"I have a class from 6:00 p.m. to 10:00 p.m. I have to run them off," he said. "You have to make them leave. They just love working on cars, the biggest thing about the race team. They see this car from a blueprint and then build a complete car and watch it go around the racetrack and compete against other cars."

Along the way they study bodywork and machining, engine and driving performance, motorsports marketing, safety, and eventually race team management. Class for these students might be held on campus, or at the racetracka favorite locationor at the 4,500 square meter Arrington Manufacturing facility, located just down the road from the Community College.

Arrington builds Dodge engines for the NASCAR Craftsman Truck Series, and the company's involvement is vital to the success of the Motorsports program. It provides not only lab space, but instructors and apprenticeship opportunities as well.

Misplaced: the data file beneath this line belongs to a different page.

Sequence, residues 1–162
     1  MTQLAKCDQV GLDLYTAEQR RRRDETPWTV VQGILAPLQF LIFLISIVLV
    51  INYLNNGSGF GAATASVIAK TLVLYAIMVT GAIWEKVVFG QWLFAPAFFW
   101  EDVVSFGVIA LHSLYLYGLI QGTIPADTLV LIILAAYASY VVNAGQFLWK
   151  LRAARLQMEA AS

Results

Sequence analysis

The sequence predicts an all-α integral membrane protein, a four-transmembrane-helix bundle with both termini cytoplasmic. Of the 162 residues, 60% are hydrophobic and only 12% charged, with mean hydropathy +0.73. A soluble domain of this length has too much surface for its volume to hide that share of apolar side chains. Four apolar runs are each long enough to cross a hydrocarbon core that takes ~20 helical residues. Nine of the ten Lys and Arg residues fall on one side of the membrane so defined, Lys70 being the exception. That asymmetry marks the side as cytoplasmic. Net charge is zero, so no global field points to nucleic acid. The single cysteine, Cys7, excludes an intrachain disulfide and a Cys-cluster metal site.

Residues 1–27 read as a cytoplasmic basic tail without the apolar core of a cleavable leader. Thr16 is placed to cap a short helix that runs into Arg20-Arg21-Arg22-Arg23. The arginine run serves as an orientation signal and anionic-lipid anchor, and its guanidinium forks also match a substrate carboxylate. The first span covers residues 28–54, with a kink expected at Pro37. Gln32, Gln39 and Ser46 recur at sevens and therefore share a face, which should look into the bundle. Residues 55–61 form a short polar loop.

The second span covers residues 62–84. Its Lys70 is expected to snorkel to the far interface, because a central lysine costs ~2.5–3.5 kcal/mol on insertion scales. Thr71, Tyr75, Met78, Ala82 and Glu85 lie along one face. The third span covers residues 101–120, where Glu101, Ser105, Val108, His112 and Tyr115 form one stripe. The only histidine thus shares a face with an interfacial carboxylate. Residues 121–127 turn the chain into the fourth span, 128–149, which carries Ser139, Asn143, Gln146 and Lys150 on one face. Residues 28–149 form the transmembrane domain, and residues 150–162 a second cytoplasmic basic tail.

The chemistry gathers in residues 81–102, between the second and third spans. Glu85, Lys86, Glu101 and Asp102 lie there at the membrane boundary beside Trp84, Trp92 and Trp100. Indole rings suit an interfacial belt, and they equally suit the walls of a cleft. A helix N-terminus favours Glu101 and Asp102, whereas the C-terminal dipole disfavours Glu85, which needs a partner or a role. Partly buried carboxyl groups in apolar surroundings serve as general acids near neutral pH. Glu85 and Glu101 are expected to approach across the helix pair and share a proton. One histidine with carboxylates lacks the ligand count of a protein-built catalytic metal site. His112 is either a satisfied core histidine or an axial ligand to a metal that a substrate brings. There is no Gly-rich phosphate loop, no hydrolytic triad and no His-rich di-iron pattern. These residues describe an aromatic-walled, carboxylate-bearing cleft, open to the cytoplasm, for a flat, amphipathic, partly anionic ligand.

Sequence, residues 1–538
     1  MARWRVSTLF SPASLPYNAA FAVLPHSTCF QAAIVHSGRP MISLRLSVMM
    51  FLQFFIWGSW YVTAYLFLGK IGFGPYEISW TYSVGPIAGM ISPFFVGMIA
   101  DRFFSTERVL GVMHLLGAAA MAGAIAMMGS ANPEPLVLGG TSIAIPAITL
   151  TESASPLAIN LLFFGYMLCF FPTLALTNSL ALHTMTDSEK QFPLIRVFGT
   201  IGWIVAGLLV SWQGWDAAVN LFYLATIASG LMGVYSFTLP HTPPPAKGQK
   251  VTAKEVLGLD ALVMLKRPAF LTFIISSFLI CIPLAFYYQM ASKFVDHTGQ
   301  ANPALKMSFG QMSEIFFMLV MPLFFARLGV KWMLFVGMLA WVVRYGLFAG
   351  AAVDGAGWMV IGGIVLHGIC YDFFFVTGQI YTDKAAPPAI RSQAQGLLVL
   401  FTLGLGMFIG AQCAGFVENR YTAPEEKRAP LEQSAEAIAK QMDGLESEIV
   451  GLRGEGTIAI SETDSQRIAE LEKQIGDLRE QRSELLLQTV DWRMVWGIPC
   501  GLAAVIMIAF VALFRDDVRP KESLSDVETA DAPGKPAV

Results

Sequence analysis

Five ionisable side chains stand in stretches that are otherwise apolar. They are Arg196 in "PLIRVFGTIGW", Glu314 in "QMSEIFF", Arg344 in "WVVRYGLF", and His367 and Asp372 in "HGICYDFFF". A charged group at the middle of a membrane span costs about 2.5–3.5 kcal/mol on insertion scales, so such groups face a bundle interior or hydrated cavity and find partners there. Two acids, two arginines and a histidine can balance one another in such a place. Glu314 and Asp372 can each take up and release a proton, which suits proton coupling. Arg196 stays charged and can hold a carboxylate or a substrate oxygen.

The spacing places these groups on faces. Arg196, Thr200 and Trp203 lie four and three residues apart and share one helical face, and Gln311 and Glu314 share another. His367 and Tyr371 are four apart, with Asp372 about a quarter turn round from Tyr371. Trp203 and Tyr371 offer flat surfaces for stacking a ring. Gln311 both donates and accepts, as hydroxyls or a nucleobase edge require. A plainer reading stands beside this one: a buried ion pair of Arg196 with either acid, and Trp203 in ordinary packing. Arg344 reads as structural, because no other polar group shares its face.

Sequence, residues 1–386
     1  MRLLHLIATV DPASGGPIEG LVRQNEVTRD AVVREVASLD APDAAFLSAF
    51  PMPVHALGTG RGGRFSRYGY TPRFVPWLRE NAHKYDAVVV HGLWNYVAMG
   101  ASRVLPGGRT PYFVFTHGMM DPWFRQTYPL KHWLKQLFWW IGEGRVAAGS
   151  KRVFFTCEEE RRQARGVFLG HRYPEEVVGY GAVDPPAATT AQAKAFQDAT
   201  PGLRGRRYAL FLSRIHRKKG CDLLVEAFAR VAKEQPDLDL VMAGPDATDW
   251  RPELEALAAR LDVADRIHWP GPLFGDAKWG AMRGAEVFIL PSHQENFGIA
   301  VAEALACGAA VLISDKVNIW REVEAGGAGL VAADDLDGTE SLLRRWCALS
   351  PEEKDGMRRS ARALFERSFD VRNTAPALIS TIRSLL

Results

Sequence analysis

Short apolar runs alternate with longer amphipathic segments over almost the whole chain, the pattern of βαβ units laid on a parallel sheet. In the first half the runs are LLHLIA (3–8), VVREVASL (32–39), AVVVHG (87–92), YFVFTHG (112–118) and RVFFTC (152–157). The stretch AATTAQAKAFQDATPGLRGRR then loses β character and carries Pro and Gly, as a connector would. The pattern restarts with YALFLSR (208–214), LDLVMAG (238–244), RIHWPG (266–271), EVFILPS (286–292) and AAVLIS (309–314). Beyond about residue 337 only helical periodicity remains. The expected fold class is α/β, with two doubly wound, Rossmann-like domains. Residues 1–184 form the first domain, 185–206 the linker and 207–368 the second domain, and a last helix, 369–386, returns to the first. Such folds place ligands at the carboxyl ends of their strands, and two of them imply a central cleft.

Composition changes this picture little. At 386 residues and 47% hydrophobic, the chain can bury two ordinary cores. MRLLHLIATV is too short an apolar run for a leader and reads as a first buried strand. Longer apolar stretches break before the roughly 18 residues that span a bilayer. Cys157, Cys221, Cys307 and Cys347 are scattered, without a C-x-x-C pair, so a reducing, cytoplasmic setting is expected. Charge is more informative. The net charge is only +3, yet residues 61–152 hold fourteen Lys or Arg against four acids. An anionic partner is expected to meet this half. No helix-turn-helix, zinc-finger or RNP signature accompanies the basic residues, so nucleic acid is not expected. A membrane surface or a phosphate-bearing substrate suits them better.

Other community efforts support the program. The Virginia Tobacco Commission offered tobacco settlement money to get it started. And Dean Earl Dodrill says high-profile NASCAR teams like Petty Enterprises and the Joe Gibbs Racing Team donated money and equipment.

"They don't give that sort of thing away just because we're nice guys," he said. "We're turning out a work force here ultimately that will be working for them so we're very appreciative of all that these teams do, when they partner with us they don't give us their name they totally get themselves involved in what we're doing."

In a town that's been under the economic caution flag for more than its share of laps, the hope is that the Motorsports school is the ticket towards the fast track. So far, the course is getting the community excited again, with the hope that the cars being studied and built in this NASCAR town can carry all of Martinsville to the victory lane.